THE psyche-soma interdependency is seldom more strikingly evidenced than during pregnancy where bodily changes and the psychological state reciprocally influence each other. As evidence of this reciprocal functioning, McConnell and Daston17 found perception of physiological changes following delivery reflected as significant changes in body image while McDonald and Gynther19 found reliable pre- to postdelivery changes in self and parental ratings among unmarried primigravidas. Recognition of the intimate relationship between psychological factors and physiological processes during pregnancy has stimulated a growing body of research focusing on differentiation of obstetric complications through assessment of various personality parameters.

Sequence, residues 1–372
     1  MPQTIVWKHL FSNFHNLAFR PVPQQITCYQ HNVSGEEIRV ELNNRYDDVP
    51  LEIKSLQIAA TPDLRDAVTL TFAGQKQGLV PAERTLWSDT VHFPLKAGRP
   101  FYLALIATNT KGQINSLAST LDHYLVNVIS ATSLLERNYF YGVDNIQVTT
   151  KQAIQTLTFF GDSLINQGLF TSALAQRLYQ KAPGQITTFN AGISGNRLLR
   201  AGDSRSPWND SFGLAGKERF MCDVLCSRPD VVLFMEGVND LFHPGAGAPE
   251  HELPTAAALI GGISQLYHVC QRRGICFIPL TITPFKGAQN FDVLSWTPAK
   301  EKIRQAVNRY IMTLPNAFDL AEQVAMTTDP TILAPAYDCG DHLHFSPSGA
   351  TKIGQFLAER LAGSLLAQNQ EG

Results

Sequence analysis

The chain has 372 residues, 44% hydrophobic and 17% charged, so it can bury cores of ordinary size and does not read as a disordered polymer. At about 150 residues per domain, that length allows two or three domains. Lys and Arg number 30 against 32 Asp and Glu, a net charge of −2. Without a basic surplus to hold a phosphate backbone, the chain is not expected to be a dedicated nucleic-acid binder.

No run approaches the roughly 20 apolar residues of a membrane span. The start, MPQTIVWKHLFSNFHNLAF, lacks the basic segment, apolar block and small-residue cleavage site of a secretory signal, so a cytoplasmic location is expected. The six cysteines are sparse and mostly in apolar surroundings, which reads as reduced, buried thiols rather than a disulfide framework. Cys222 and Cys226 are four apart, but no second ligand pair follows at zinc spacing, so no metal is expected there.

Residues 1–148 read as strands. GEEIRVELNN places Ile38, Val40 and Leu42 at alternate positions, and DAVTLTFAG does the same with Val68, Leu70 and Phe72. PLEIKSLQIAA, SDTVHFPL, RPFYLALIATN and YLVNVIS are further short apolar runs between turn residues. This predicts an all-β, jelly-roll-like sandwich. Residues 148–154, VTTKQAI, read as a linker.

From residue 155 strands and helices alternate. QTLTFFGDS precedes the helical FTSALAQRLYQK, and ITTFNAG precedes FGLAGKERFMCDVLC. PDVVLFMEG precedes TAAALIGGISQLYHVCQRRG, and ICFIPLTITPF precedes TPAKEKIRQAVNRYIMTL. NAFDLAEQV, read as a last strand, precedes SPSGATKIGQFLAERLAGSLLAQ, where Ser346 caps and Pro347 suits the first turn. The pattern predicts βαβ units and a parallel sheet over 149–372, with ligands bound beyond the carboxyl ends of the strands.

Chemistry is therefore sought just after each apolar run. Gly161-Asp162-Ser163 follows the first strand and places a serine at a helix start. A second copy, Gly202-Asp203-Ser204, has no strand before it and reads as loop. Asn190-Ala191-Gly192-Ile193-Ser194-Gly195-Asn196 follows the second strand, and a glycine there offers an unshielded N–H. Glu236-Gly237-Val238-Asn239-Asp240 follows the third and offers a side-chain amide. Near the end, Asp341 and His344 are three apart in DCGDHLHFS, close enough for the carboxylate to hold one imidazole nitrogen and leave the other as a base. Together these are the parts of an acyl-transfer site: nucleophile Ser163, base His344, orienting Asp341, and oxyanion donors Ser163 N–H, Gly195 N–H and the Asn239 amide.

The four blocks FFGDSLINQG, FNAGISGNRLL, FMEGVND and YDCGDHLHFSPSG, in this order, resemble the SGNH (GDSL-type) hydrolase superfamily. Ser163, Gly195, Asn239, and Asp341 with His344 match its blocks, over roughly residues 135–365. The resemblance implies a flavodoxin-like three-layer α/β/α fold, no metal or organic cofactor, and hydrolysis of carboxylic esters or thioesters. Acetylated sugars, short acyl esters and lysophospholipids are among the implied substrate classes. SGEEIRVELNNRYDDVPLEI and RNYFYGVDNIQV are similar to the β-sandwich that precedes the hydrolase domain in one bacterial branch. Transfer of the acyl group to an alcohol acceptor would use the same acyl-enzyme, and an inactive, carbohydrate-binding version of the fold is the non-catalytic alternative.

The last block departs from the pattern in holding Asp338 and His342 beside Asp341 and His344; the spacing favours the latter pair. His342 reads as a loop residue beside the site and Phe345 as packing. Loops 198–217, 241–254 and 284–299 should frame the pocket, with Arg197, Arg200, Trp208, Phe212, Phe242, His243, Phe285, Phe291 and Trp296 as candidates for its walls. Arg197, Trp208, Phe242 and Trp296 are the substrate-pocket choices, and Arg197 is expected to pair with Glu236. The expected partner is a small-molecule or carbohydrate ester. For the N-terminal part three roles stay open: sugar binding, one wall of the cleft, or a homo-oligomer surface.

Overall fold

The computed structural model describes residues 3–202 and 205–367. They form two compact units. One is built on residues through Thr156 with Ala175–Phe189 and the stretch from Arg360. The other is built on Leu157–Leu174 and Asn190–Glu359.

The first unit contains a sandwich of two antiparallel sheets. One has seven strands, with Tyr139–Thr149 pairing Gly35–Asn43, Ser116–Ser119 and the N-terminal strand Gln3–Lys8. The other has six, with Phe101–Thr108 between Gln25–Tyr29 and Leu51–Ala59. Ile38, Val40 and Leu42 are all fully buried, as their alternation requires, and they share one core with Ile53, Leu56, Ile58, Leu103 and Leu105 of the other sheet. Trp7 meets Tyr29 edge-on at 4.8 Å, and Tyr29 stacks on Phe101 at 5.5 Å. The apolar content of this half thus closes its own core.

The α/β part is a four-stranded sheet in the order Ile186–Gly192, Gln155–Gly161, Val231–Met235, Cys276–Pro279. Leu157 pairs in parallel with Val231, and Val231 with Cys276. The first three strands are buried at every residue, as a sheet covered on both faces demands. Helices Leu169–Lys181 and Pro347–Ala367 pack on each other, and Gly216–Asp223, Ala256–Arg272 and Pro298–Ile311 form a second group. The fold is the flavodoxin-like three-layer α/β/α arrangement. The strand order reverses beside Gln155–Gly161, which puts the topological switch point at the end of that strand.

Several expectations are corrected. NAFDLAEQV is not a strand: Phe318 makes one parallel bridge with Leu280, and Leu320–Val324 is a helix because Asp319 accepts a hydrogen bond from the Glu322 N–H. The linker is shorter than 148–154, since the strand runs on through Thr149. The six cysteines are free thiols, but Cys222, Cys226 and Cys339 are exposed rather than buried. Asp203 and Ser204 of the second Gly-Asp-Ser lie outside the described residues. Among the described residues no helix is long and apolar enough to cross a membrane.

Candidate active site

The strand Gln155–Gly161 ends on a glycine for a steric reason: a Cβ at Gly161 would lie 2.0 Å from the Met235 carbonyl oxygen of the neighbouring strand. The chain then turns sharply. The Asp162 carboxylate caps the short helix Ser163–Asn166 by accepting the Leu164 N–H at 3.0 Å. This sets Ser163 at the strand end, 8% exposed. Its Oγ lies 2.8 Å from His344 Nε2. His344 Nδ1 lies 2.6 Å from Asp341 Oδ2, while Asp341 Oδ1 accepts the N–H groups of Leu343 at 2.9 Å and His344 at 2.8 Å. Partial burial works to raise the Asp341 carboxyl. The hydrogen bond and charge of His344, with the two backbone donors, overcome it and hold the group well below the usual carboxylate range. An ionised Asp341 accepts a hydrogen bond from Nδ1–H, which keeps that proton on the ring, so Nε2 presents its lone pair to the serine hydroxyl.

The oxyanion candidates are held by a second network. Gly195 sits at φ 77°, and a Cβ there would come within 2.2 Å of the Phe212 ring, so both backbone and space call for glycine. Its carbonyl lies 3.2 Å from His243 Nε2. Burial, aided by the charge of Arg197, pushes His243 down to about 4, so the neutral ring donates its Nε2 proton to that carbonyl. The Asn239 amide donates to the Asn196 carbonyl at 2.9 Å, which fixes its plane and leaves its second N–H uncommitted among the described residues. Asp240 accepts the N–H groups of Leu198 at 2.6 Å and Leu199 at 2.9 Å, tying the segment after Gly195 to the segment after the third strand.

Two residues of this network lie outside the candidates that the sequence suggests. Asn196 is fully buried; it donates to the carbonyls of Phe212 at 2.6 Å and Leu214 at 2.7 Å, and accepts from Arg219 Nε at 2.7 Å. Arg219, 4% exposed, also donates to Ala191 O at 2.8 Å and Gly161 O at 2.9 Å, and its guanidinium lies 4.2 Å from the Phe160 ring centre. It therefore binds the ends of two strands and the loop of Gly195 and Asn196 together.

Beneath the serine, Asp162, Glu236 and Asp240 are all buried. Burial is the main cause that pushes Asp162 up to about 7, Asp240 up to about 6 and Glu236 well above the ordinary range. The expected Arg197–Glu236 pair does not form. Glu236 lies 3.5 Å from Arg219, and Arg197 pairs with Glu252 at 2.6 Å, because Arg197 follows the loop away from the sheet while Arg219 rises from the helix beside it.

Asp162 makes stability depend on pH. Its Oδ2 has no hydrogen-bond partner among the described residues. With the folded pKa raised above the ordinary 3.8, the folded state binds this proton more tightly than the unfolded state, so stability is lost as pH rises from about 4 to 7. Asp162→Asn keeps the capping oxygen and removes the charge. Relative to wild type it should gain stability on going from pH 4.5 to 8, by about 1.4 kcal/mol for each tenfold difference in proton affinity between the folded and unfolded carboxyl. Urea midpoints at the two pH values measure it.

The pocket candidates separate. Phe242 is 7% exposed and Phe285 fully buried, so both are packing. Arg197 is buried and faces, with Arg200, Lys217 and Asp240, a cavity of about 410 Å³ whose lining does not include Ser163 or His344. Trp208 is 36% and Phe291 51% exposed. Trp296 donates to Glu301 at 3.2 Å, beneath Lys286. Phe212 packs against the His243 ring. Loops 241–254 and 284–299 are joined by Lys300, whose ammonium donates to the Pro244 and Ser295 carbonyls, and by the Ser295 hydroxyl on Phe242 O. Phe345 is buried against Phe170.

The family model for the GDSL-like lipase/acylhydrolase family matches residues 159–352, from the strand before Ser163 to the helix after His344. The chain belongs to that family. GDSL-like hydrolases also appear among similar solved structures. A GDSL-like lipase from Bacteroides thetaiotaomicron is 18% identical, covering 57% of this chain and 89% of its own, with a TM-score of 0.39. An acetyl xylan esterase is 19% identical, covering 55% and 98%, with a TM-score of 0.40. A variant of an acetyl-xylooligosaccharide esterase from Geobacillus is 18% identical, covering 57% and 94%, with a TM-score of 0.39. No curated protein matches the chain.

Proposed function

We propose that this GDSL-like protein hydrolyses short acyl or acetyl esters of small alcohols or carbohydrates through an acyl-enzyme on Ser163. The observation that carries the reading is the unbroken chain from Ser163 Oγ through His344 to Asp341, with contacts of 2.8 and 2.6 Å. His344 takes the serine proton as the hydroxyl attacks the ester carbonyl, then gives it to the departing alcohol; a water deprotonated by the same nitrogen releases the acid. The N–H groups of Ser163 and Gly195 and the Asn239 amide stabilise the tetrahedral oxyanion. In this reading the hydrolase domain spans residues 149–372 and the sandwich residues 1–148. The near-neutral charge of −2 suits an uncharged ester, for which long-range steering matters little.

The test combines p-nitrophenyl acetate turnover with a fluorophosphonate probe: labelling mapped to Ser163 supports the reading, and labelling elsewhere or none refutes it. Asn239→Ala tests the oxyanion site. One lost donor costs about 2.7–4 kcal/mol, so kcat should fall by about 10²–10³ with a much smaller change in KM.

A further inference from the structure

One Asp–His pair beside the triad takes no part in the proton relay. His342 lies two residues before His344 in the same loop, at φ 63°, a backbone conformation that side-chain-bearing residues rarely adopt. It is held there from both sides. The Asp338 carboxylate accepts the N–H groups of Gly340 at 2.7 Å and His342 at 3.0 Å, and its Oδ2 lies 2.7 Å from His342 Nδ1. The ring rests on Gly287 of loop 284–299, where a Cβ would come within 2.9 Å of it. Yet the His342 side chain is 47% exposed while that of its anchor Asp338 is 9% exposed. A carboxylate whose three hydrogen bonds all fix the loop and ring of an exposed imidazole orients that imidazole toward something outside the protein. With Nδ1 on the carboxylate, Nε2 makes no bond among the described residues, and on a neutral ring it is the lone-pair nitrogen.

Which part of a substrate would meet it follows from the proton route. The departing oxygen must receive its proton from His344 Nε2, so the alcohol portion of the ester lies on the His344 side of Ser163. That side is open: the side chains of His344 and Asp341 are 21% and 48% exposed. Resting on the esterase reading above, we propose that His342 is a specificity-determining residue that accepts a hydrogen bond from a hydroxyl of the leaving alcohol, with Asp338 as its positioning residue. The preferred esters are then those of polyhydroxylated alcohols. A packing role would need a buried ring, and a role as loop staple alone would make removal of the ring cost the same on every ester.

These studies have clearly demonstrated that women with obstetric complications differ reliably in various respects during the latter stages of pregnancy (eg, seventh month of gestation) from those who have uneventful parturitions, deliveries, and normal offspring. Both married and unmarried patients with a variety of obstet